Christian D. Larson


Your Forces and How to Use Them

This self-help book has already helped readers the world over to achieve the seemingly impossible just by learning how to bring the incredible force of the subconscious under their control. It provides powerful techniques for changing your life simply by changing your beliefs. The book combines time honored spiritual wisdom to explain the influence of the subconscious mind on everything you do.  It presents simple, practical and effective methods that can turn your mind into a powerful tool for improving your everyday life.

The following opening from Chapter 1 was so popular it was adopted by Optimist International in 1922 to be their creed.  The words are just as powerful  and meaningful today:


To be so strong that nothing can disturb your peace of mind.
To talk health, happiness and prosperity to every person you meet.
To make all your friends feel that there is something in them.
To look at the sunny side of everything and make your optimism come true. To think only of the best, to work only for the best, and to expect only the best.
To be just as enthusiastic about the success of others as you are about your own.
To forget the mistakes of the past and press on to the greater achievements of the future.
To wear a cheerful countenance at all timed and give every living creature you meet a smile.
To give so much time to the improvement of yourself that you have no time to criticise others.
To be too large for worry, too noble for anger, too strong for fear; and too happy to permit the presence of trouble.
To think well of yourself and to proclaim this fact to the world, not in loud words but in great deeds.
To live in the faith that the whole world is on your side so long as you are true to the best that is in you.

Many have found inspiration in The Optimist Creed. In hospitals, the creed has been used to help patients recover from illness. In locker rooms, coaches have used it to motivate their players.


1) The Ruling Principle in Man
2) How we Govern the Forces We Possess
3) The Use of Mind in Practical Action
4) The Forces of the Subconscious
5) Training the Subconscious for Special Results
6) The Power of Subjective Thought
7) How Man Becomes What He thinks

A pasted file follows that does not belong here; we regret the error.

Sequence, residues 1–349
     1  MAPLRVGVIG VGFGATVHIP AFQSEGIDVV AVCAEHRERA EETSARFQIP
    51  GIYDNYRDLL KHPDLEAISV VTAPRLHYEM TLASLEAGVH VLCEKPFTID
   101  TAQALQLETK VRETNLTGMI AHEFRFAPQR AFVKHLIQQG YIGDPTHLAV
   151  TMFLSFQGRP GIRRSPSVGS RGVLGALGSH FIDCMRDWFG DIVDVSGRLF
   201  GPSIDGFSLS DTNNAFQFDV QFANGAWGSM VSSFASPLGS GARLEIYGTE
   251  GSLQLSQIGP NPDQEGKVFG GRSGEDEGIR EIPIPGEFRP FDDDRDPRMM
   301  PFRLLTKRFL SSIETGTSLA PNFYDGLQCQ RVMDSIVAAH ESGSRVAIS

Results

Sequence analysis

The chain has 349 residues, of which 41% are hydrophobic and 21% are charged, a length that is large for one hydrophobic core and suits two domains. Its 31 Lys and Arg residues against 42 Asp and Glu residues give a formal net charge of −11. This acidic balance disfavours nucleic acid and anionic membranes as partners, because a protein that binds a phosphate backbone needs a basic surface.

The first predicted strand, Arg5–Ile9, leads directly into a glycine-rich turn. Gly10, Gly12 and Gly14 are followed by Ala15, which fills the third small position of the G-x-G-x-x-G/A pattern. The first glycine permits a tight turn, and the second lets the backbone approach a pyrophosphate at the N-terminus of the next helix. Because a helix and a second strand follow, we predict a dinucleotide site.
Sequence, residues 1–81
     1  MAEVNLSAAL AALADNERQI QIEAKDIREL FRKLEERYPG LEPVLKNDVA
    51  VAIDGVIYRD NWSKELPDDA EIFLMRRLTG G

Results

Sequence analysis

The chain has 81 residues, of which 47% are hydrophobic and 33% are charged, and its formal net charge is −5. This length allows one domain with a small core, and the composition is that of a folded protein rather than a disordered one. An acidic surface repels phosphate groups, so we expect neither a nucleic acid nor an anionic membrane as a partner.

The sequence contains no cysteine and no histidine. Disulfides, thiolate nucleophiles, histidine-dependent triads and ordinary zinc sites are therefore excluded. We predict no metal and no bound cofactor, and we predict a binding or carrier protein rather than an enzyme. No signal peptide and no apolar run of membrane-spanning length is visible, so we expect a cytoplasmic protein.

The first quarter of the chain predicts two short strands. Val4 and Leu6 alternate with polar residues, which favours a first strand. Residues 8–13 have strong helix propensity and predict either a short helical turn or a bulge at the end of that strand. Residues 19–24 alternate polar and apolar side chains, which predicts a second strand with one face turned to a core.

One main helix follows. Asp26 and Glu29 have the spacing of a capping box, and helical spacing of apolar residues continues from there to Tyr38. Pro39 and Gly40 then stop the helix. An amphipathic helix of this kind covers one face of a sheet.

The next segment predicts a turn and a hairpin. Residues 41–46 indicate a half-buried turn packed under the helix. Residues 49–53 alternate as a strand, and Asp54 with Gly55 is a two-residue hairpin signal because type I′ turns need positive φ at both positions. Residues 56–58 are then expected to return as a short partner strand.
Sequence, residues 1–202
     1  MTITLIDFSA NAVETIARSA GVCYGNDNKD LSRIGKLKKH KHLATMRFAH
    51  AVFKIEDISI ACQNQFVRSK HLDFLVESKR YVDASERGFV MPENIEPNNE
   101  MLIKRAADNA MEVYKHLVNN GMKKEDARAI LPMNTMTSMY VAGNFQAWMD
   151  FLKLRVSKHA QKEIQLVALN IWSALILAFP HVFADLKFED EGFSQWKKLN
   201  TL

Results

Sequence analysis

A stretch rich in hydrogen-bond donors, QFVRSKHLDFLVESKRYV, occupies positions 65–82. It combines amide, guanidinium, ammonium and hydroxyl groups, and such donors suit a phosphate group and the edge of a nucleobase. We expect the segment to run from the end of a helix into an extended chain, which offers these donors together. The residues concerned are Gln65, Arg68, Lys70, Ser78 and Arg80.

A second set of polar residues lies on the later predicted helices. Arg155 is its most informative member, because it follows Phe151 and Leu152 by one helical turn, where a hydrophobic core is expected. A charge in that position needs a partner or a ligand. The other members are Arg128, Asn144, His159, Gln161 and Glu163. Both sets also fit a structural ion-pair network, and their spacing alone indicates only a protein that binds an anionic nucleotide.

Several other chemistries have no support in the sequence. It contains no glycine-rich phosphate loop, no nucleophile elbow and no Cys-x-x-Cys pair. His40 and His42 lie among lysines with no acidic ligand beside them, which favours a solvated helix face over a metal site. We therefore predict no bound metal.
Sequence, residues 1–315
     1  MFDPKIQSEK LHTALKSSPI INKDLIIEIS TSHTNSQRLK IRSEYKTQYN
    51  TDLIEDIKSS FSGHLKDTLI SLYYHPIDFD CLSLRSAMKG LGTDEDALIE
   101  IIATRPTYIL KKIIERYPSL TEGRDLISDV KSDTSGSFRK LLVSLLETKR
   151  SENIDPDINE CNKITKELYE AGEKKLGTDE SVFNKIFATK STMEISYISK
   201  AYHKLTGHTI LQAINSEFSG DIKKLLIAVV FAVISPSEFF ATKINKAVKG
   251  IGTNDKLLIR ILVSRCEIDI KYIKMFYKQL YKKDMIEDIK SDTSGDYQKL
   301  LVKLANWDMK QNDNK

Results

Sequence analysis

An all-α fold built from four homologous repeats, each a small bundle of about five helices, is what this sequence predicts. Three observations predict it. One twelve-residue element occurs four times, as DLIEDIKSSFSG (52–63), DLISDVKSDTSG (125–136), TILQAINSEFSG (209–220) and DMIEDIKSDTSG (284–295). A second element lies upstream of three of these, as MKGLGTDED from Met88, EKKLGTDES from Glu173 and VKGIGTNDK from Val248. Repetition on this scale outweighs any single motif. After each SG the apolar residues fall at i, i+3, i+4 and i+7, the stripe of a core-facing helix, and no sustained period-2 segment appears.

8) The Art of changing for the Better
9) He Can Who Thinks He Can
10) How We Secure What We Persistently Desire
11) Concentration and the Power Back of Suggestion
12) The Development of the Will
13) The Building of a Great Mind
14) How Character Determines Constructive Action
15) The Art of Building Character
16) The Creative Forces in Man
17) The Building Power of Consecutive Speech
18) Imagination and the Master Mind
19) The Higher Forces in Man
20) The Greatest Power in Man.


Christian D. Larson was an outstanding and highly influential New Thought leader and teacher as well as a prolific writer of New Thought books who believed that people have tremendous latent powers, which could be harnessed for success with the proper attitude.

A one time honorary president of the International New Thought Alliance, along with such stalwarts as W.W. Atkinson, Horatio Dresser, Charles Brodie Patterson, and Annie Rix Militz, he was one who exercised considerable influence over Religious Science founder, Ernest Holmes, in his early career.  Holmes had been studying the Christian Science textbook, Science & Health, but was particularly impressed with the New Thought writings of Larson. According to Fenwicke he abandoned the Christian Science textbook for Larson's works. Ernest and his brother Fenwicke took a correspondence course with Larson, and in his biography of his brother, Ernest Holmes: His Life and Times, Fenwicke Holmes elaborates on the influence of Larson's thought on that of his brother. Here he ranks Ralph Waldo Trine's In Tune with the Infinite with Larson's The Ideal Made Real as influential on Holmes.

The New-Thought movement in Cincinnati, Ohio, owes its origin to Larson, who in January, 1901, organized the New Thought Temple, at his residence, 947 West Seventeenth St. In September of that year Mr. Larson began to publish Eternal Progress, for several years one of the leading New-Thought periodicals.